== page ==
ANDRÉ GONÇALVES // Currents & Riptides




ANDRÉ GONÇALVES . Modular Synthesizer, Laptop, Guitar, Fender Rhodes

with guests:
Pedro Boavida – Fender Rhodes on track 1
Rodrigo Dias – Bass on track 2
Gonçalo Silva – Guitar on track 2

1. Long story short
2. Will be back in a few




Also internationally known as the man behind the ADDAC System brand of modular synthesizers and several devices for electronic music, Portuguese sound and intermedia artist André Gonçalves is back with a new solo album, just one year after the release of “Musica Eterna – Pocket Music for the Space-Time Traveller”.
Fortunately so, because he was absent from the recording world for too long (10 years!), and because “Currents & Riptides” is an absolute marvel, establishing his music as one of the most intriguing in the experimental scene. Every kind of situation you can imagine is covered here, not to show off what he can do, but emerging naturally in the flux of events: combinations of analogic and digital sounds and tools, processing of field recordings and ready-made materials (the mutant electric guitar you can recognize because he wants you to), explorations of provoked or casual accidents, ambient soundscapes, noise, textures in constant change, immersive and insistent drones, you name it. When Gonçalves arrives to something beautiful and pleasing, he can’t resist to act against it with a rough contrast, like an ugly feedback or a cable violently taken out.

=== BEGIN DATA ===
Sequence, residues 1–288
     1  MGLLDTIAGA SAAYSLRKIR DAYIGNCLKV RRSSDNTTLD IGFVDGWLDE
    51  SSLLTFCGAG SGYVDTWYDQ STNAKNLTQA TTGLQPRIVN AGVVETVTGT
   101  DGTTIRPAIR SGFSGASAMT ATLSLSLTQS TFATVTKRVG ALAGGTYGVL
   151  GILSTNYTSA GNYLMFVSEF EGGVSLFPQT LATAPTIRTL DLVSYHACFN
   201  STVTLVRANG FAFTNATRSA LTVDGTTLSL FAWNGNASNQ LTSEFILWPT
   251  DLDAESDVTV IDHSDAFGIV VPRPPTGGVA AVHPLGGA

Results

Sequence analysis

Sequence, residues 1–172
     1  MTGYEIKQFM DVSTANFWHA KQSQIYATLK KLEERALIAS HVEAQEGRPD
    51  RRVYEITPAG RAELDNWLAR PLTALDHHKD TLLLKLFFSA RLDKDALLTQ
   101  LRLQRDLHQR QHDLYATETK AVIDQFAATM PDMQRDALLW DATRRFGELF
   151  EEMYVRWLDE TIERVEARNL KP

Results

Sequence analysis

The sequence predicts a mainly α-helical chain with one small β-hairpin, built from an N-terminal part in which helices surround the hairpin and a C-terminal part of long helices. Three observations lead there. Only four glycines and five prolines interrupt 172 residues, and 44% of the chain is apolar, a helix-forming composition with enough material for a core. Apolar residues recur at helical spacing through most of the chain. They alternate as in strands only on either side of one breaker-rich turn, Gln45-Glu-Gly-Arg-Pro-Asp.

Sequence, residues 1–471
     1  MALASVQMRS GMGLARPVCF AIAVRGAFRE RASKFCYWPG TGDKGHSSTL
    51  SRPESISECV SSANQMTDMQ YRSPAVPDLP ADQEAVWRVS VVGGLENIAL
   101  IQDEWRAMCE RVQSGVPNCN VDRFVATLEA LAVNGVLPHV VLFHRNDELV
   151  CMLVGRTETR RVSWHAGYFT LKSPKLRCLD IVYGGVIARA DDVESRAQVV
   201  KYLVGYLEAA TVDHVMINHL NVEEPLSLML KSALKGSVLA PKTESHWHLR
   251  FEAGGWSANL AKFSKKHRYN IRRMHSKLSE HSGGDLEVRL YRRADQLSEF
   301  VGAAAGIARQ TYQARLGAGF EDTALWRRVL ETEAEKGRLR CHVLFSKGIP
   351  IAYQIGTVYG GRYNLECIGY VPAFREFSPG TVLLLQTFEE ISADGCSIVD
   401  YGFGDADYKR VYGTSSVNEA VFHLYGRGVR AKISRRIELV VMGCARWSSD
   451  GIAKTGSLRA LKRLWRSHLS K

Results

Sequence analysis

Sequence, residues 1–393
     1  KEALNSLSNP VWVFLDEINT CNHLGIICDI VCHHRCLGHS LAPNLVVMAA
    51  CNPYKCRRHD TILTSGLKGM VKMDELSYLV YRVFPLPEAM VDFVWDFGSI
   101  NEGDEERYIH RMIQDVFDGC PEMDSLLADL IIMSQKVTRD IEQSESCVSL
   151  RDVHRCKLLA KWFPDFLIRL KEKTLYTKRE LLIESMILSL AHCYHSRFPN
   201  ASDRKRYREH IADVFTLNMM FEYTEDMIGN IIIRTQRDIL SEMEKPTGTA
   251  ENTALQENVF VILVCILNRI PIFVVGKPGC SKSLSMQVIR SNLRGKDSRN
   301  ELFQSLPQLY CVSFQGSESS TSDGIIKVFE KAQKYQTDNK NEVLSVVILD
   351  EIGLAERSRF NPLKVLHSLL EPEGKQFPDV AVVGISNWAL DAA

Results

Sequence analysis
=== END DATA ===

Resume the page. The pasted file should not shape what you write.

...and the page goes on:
André Gonçalves may not appear much, even in concert, but when he does, in Portugal or somewhere else, is for maximum effect. This is one of those occasions. Behind him he has a long background, alone or with other people, playing under designations like OK Suitcase, Last Time This Happened We Had a Street Party, Stapletape, Gigantiq, Feltro and more. He likes to do laboratorial work, shaping structures, but also to improvise, and he did it Achim Wollscheid, Alex Zhang Hungtai, Casper Klausen, David Maranha, Eric La Casa, Hans-Joachim Roedelius, Kenneth Kirschner, Manuel Mota, Michel J. Schumacher, Ernesto Rodrigues, Richard Garet, Phill Niblock, Sei Miguel and Tim Hecker between many others. It’s impossible to say if this music was produced in studio or freely improvised: sometimes it seems something meticulously composed, and other times it comes like the crude result of spontaneity. That doubt is what seduces us, knowing that the reverse is also highly probable. With him, we never know.


© Vera Marmelo (photo)